Resources and permissions every Pacific Ridge Trail hiker needs

Thanks to the success of Cheryl Strayed’s memoir Wild and, of course, the movie of the same name starring Reese Witherspoon, the popularity of hiking the Pacific Crest Trail has grown exponentially. From mid-April through early May, 50 hikers who have been given permits can start each day, and these permits are in very high demand. Long-distance Pacific Crest Trail hiking permits, available through the Pacific Crest Trail Association , are free and requests must be submitted well in advance. To start hiking in April, your first opportunity to apply for a long-distance permit is six months in advance, in October.

Not only do hikers apply for permits through the Pacific Crest Trail Association website, but they also use it as a helpful resource. Mann recommends exploring the site for information, and buying a copy of Yogi’s Pacific Crest Trail Handbook .

Physical fitness and equipment for a Pacific Crest Trail hike

Before hiking the Pacific Crest Trail, Mann recommends preparation, specifically a three-pronged approach. He says to be prepared mentally, physically and in terms of gear. As for mental preparation, Mann reminds hikers that “the most important muscle is inside your head.”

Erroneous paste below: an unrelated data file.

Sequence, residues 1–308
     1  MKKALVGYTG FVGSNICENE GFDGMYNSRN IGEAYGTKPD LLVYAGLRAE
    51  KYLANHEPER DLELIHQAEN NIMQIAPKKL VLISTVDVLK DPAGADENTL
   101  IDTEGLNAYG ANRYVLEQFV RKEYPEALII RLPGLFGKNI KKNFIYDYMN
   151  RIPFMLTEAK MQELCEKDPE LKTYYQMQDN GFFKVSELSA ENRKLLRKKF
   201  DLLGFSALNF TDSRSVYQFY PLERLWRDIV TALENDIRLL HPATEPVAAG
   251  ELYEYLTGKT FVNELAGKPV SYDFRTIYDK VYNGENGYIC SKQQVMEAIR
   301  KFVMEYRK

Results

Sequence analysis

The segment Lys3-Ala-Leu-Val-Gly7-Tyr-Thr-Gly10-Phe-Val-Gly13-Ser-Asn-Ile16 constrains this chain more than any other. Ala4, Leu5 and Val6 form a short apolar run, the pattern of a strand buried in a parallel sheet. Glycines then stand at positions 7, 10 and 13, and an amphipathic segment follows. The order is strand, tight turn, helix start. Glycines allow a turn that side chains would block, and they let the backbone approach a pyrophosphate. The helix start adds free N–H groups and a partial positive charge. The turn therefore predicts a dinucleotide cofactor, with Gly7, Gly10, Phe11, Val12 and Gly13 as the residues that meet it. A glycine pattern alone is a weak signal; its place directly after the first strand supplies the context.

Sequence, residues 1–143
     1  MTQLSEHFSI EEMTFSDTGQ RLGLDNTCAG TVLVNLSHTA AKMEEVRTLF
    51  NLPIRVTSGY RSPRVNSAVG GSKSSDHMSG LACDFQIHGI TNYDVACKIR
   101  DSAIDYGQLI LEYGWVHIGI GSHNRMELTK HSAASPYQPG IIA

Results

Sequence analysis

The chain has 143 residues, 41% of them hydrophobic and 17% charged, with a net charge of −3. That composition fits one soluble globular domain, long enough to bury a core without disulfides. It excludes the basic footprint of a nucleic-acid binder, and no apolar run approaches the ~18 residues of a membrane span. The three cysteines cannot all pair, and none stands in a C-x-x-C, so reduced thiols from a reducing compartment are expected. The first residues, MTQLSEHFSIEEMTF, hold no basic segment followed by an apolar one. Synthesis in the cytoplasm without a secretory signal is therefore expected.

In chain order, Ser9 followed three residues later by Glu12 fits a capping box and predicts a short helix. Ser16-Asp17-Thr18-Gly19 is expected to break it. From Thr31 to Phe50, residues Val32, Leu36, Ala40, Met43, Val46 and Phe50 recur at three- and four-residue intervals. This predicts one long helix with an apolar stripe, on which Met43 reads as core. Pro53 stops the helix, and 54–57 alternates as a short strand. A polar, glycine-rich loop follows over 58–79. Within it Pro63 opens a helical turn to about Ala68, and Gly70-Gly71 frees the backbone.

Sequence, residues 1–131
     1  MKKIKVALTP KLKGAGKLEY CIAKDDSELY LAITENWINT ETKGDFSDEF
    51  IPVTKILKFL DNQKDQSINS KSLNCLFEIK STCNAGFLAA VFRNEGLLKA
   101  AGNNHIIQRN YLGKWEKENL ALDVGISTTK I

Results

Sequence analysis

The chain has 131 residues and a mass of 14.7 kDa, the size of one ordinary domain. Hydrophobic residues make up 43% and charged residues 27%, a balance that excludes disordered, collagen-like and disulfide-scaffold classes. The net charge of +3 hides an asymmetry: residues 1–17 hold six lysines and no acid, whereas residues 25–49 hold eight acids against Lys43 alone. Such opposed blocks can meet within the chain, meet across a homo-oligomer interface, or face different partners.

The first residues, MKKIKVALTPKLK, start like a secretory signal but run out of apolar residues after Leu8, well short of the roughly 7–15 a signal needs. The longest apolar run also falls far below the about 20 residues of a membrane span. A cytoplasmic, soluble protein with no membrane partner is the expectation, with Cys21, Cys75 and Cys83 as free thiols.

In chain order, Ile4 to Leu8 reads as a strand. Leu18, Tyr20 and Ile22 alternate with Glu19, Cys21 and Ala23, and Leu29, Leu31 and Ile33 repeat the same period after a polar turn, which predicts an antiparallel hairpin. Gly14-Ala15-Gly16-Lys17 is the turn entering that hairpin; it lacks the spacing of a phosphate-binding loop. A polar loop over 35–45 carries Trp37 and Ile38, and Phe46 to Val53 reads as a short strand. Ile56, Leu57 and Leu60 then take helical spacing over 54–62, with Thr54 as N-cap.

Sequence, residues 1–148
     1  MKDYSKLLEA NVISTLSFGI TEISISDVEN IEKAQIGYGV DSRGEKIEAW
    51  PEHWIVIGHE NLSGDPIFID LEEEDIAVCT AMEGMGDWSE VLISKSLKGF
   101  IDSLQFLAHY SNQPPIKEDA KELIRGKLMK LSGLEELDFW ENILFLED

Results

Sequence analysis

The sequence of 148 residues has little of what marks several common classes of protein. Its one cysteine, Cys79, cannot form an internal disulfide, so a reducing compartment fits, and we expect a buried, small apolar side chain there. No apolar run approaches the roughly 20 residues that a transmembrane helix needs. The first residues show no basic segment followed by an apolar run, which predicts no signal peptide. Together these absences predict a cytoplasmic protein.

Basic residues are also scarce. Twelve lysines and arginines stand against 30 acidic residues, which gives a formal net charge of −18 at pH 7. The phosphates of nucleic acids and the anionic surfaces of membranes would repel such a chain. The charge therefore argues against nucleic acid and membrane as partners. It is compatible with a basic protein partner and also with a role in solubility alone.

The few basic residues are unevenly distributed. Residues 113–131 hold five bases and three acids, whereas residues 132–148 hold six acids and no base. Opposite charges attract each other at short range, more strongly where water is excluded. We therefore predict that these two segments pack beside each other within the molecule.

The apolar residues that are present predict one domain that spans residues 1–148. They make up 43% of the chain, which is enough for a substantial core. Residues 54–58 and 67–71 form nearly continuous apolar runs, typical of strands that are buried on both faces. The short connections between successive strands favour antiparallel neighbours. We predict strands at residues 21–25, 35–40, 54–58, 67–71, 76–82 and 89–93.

But beyond the thought of hiking 2,650 miles, Mann recommends that those who are already in good physical shape do at least two five-mile hikes a week for two months before hiking the Pacific Crest Trail.

As for gear, everyone has a different opinion on what the ideal “base weight” of a backpack is. Fortunately, since Mann hosts more than a third of the hikers in his home each year, he has seen it all in terms of what people put in their backpack and how much a good backpack weighs.

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The first thing to know is that hikers discuss pack weight in terms of “base weight,” which Mann explains is “the weight of [your backpack] without water, food or fuel canisters.”

He says that if hikers can start with a base weight of about 9 kilograms, that’s ideal, although some start at 18 kilograms and end up dropping weight at every opportunity. Mann’s personal starting base weight is about 4.5 pounds.